5. Always have dogs. I knew this before the lockdown but, my god, what do people who don’t have dogs (or cats or whatever) to talk to and cuddle do in a pandemic. “We’re in this together,” I tell Mona and Veronica, and they look deep into my eyes, having no idea what I’m saying but secure in the knowledge that I’ll give them food at some point. It’s an elemental relationship, but a strong one. (I miss you so much, Milton. God, this year has been terrible.)

6. I was overtaken by the urge to do a Paradise Park collage, so I ordered the stuff I’d usually forage for in a craft shop from Amazon. William Morris paper and lacy cupcake holders (balconies and railings) and a ton of other stuff. Somewhere I have bags of stuff I bought years ago for this, so it’s going to be spectacular. But I feel like I have to wait until Jan. 1 to start it. Like there’s going to be a big screech of a needle ripping across a record at midnight and then the music will begin to play again, only, you know, good this time.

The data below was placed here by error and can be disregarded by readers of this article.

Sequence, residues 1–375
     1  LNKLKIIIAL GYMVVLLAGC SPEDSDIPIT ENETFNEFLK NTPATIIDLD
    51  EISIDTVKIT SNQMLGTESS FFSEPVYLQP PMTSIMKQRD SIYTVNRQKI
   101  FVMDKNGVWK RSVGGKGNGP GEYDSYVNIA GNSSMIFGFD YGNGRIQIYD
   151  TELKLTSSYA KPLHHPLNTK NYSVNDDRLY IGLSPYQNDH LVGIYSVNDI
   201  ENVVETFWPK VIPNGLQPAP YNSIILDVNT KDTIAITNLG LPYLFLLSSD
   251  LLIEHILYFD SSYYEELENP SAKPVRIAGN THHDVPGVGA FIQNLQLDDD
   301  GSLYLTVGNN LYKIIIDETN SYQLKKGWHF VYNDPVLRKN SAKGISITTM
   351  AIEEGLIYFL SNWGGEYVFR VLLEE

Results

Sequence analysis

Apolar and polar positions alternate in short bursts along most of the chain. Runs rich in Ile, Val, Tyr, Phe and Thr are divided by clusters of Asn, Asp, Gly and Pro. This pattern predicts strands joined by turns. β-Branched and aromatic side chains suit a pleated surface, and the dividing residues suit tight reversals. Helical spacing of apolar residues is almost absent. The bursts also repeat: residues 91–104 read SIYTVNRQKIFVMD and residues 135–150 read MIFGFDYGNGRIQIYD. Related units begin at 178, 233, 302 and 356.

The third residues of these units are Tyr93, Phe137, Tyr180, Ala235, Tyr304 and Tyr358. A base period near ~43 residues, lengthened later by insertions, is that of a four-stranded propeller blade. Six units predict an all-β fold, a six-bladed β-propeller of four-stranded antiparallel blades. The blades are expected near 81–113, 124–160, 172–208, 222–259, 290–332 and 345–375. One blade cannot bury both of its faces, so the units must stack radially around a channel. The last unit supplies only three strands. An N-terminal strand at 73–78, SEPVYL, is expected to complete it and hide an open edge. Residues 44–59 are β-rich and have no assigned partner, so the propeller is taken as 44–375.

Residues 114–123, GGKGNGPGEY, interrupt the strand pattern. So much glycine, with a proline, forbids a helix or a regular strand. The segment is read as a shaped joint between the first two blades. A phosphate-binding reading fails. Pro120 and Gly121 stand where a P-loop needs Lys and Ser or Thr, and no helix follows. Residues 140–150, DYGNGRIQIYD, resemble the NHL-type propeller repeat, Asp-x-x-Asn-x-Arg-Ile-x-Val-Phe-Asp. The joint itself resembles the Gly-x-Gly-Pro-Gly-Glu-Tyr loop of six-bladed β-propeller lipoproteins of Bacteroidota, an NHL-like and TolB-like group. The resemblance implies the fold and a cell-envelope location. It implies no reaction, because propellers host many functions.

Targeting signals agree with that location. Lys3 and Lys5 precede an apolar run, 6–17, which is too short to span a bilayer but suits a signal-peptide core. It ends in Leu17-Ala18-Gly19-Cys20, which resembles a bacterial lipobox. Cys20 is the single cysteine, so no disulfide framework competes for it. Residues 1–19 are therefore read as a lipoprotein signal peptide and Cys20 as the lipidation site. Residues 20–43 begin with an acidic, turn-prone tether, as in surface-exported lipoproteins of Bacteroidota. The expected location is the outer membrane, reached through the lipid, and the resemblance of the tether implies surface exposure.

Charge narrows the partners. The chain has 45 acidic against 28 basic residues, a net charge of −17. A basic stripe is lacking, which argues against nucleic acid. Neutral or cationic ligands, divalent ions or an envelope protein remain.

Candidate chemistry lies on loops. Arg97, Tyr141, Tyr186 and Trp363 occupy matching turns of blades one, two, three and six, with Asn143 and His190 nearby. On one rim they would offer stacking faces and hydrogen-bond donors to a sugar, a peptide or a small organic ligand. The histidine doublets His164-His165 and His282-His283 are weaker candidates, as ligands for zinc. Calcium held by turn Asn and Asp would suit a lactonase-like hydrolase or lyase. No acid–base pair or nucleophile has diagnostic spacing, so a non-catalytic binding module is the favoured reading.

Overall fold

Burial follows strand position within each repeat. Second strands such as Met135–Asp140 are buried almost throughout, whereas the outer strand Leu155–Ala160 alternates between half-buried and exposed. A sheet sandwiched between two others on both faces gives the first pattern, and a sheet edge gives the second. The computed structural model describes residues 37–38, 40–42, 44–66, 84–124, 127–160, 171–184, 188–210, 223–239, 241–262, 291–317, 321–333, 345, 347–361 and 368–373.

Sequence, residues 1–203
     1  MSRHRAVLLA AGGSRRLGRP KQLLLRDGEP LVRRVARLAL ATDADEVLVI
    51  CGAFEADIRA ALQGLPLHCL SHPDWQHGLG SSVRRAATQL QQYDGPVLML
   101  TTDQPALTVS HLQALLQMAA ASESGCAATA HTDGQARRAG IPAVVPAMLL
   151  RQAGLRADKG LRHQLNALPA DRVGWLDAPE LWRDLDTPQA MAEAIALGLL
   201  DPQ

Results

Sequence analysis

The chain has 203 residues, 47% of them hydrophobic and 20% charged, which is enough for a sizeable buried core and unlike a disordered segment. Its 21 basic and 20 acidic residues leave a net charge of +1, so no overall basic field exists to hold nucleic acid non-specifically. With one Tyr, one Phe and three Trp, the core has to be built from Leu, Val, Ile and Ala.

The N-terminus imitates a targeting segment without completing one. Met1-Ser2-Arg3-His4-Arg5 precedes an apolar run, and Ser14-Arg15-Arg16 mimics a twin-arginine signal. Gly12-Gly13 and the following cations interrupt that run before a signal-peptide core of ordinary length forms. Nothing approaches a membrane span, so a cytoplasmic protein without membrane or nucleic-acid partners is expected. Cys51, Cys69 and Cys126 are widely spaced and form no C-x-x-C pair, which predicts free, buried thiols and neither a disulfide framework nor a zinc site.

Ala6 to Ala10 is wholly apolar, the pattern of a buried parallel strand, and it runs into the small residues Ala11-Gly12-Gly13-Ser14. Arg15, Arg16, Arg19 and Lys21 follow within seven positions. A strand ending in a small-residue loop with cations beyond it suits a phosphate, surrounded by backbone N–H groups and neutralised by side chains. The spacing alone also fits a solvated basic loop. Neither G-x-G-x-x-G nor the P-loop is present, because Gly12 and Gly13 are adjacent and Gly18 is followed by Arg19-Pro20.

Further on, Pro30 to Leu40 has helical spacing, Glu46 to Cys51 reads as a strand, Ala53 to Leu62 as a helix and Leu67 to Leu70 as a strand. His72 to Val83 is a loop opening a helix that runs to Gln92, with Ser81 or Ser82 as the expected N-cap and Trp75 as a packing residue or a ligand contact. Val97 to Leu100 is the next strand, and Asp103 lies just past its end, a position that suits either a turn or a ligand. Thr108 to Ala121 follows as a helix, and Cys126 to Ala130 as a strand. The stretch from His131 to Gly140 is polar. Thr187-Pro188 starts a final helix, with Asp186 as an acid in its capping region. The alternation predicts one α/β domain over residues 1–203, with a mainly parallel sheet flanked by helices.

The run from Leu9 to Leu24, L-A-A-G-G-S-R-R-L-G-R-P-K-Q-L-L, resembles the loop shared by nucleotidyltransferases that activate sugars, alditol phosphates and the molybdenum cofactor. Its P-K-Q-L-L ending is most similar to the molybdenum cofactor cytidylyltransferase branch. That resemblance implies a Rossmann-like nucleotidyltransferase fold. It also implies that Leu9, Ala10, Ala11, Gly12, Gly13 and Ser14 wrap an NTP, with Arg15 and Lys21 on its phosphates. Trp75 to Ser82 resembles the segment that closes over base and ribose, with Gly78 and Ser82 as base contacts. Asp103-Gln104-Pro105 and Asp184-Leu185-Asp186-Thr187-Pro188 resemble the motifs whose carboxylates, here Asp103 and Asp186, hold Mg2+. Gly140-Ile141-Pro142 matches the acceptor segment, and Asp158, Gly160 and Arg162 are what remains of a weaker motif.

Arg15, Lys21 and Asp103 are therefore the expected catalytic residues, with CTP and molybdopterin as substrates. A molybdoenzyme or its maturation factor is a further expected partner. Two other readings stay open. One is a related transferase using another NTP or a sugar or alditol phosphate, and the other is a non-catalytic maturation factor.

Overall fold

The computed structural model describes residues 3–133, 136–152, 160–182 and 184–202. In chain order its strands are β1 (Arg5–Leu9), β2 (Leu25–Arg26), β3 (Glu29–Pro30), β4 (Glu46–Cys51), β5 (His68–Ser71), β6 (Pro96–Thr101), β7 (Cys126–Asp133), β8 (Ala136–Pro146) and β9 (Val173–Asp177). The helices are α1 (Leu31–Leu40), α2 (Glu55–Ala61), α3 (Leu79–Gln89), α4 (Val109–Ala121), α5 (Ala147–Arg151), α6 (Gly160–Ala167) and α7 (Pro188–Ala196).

7. The journal came but was not as good as I’d hoped because NO STICKERS. What the hell? OTOH I got an entire thick volume of stickers that were wonderful, so I’m coping. The journal is also short, which is probably a good thing because it means I’ll have a chance of filling it up before I wander off. The no-stickers thing is a serious drawback, though.

8. The sound of dogs snoring is better than valium.

47 thoughts on “Random 2020